How should the modern workplace encourage creativity and support innovation? How can the digital workplace support a culture of collaboration and inclusion while improving the bottom line? Microsoft is exploring the Modern Workplace in a series of webcasts, Global Workforce: The new culture of work.
MARGINALIA spoke with Director of Product Marketing for Microsoft 365, Jack Elmore (pictured right), who was involved in the webcasts. In this interview, Elmore shares how companies can successfully overcome generational and cultural gaps, and how diversity can improve team performance. He also describes the critical role of digital workplace technology to enable better, more productive ways of working.
Gloria Lombardi: How can global organisations overcome cultural gaps within teams to enhance innovation?
Jack Elmore: Senior leaders must support the activities to overcome cultural divides; they need to believe and communicate that people are the organisation’s greatest asset.
Companies increasingly need the newest members of the workforce to help shape the culture and direction of the company. The modern workplace has to welcome and support new people, new ideas, and new ways of working. Many of the best, most practicable ideas are coming from the workforce in the field, rather than only from the top of the organisational chart.
Technology is a powerful enabler of change. Digital transformation is playing a critical role in how companies compete. It influences how they hire the most talented people, how things get done day to day, and how products and services get designed and redesigned and sold to customers.
Many product companies are becoming service companies; for example, thyssenkrupp, in the elevator manufacturing industry, is using cloud computing to transform into a ‘people movement as-a-service’ company. That’s a different way of thinking about elevators! They use state of the art sensors and modelling to predict wear and tear and even failures, so they can service their clients in good time. They commit to certain quality levels of dispatch and service so they can reduce and prevent outages. Now when they meet potential customers, they sell their elevator products along with guaranteed reliability, instead of only charging for installation and maintenance.
GL: A typical modern workplace has different generations of workers – from Baby Boomers to Millennials, and even Gen Z. How can organisations ensure that generational gaps are dealt with effectively?
JE: That goes to the heart of why technology plays such an important role in the modern workplace. It’s not the only factor; someone still has to be responsible for the physical spaces and the culture goes beyond walls and screens.
The digital communication methods we’ve all become used to over the decades are not the preferred channels of the newer generations. If you email a teenager, chances are they’ll reply weeks later or try to contact you another way. Their modes of communication are more aligned with social networking, which helps them communicate broadly and quickly – in ways simply unavailable in the past.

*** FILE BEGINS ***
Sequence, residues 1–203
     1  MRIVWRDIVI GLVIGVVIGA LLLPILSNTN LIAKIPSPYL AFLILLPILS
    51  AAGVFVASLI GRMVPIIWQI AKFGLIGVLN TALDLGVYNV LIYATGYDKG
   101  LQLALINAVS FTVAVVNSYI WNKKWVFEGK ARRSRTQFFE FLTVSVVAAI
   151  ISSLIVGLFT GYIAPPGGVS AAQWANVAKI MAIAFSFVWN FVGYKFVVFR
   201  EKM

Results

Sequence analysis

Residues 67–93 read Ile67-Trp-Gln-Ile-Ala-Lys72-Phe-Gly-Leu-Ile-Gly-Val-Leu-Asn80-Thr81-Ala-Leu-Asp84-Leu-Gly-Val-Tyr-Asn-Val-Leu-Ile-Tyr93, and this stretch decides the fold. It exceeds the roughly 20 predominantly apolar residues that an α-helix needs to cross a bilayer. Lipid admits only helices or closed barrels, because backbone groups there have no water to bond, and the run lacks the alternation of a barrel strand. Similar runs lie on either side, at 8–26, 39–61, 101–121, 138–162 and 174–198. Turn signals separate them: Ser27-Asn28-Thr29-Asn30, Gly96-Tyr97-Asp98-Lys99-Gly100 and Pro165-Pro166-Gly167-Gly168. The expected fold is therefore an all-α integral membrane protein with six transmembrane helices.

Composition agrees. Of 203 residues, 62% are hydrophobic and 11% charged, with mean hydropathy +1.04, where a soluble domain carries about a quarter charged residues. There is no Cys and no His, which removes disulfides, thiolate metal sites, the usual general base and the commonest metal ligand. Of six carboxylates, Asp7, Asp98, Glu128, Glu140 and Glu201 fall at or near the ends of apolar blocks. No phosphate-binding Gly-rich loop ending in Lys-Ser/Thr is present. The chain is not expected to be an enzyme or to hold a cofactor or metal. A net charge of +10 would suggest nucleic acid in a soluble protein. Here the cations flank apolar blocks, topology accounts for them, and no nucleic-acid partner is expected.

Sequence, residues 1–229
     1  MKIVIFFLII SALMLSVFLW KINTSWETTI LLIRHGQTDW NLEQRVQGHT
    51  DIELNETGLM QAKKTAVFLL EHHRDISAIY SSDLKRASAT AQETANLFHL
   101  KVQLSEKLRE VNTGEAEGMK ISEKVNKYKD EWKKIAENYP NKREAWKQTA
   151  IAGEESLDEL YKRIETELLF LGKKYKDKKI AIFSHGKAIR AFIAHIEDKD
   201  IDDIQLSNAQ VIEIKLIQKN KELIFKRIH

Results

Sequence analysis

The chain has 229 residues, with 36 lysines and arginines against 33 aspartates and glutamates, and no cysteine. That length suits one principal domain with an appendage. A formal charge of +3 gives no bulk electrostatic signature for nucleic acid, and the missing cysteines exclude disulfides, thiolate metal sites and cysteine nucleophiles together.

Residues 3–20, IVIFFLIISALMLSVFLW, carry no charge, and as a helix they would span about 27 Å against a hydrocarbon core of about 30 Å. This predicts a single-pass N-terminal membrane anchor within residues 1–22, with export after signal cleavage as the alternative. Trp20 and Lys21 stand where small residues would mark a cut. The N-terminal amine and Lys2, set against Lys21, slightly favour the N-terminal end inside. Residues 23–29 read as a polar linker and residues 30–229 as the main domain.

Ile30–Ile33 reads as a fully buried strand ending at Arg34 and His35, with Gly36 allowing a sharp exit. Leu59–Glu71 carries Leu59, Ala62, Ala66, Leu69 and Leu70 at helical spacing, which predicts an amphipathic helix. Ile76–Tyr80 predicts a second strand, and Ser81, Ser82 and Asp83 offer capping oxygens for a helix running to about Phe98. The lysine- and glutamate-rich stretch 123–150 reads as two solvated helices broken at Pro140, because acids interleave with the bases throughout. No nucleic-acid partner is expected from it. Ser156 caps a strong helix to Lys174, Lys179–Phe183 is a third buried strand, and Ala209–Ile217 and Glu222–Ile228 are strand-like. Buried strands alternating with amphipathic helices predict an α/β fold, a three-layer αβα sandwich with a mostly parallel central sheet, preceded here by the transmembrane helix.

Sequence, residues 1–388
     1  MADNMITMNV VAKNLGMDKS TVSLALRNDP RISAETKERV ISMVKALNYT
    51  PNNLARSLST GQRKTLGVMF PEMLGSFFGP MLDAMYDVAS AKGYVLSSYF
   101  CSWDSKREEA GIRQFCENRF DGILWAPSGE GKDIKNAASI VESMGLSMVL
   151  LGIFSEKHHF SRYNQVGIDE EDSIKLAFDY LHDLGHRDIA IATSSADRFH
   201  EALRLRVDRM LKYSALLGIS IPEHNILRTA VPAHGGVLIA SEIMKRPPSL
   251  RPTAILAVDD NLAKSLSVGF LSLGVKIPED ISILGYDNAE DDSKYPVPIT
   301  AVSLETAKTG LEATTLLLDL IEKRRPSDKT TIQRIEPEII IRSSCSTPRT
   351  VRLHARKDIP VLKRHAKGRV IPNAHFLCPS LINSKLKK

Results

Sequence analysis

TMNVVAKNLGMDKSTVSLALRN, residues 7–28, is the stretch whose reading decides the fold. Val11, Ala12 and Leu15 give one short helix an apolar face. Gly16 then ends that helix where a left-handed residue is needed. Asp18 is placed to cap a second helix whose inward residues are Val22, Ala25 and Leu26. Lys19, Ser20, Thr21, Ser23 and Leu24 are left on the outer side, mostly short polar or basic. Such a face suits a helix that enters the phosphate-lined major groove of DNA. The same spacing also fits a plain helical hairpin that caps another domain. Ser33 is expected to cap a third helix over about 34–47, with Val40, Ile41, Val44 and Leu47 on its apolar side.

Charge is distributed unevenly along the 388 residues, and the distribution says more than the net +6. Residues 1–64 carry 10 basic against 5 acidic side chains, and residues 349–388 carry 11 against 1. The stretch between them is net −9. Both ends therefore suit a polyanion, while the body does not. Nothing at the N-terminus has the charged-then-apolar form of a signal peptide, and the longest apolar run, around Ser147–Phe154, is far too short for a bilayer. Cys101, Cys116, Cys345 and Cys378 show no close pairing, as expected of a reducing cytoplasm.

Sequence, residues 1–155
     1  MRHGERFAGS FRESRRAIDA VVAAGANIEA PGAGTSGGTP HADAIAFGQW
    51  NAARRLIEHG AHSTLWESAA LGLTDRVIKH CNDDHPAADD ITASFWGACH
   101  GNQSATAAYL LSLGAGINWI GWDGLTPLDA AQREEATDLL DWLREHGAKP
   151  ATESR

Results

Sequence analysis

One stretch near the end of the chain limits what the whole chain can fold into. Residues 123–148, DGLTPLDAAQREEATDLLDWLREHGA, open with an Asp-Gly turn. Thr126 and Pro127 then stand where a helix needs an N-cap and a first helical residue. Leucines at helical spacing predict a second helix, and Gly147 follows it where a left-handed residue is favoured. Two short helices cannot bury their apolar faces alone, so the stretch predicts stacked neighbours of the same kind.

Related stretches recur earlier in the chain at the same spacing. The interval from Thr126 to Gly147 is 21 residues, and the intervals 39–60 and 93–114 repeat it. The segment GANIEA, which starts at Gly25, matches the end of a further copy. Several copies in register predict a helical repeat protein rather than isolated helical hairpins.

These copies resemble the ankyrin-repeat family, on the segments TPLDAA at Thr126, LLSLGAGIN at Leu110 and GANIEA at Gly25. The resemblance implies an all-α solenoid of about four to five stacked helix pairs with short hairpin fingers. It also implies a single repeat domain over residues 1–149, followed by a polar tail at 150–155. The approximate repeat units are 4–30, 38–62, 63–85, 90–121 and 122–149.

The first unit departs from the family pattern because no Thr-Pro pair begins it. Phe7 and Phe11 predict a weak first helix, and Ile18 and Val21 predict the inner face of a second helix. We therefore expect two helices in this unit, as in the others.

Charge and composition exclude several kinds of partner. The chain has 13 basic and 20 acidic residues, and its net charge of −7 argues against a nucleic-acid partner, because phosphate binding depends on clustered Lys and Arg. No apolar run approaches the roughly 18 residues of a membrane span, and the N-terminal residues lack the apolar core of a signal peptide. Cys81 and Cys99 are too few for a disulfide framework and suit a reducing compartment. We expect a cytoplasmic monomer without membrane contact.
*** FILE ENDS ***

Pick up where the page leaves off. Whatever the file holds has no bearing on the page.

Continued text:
In our personal lives, in the consumer space, communicating is informal, flexible, and even ambiguous or downright unclear. People swap channels, move from public to private chats, and run multiple profiles. In business, there’s a focus on clarity and simplicity, and of course companies have to abide by the various regulations that protect people’s privacy and their own security.
But if you only provide employees with the basic, aging systems, communication and innovation will break down. Everyone has a smart phone in their pocket, giving them the apps, the tools, they like to use. Different generations prefer different tools and modes of communication, and you can see that in their app choices.
So the organisation must provide secure, compliant communication systems that work for all generations. Email cannot be the default for everyone in every situation, and you don’t want to drive people to use personal communication channels and shadow tech that fall outside of your compliance processes.
GL: Different cultures, different generations, different preferences in the ways of working and communicating. What are the benefits and challenges of having such diverse teams inside organisations?
JE: There have been enough studies showing that diverse teams achieve more, and it’s time we truly value diversity – diversity of experience, diversity of background, and diversity of thought. When hiring-managers avoid the bias of recruiting people like them, and instead look at assembling teams with different, complementary strengths, they increase organisational performance. The cultures that reward teamwork over individual excellence, achieve more.
Everyone has some sort of unconscious biases – even the people who aspire to be tolerant, accepting, and understanding of diversity. We all have those unconscious biases.
So it’s critical for leadership to support an education agenda that helps employees to be more conscious of their biases. That is the first, important step. Denial stunts personal growth and the culture. If people can’t believe that unconscious biases exist then it can be harder to work around them and improve the team. It’s a cultural issue that must be addressed from the top down. Leaders need to say and demonstrate that the company believes diverse teams make us more competitive, make us a more rewarding place to work, help us have more effective meetings, and help us make better decisions – because we consider additional points of views. This is on top of respecting our colleagues and customers as a given.
The newest generations care about work in a more personal manner than past generations. When looking for work, they don’t just consider the pay – the culture, physical environment, digital toolsets, and opportunities for self-determination are all important. Further, aligning with social causes, they want their work to reflect their values.
GL: How can organisations improve the bottom line through inclusion?
JE: By having more, and better digital communications, companies can save money on physical meetings and even physical space if they reduce the number of meeting rooms. Meetings are still entirely relevant, but they can be reduced and streamlined by having good, open digital communications and keeping everyone involved in the loop.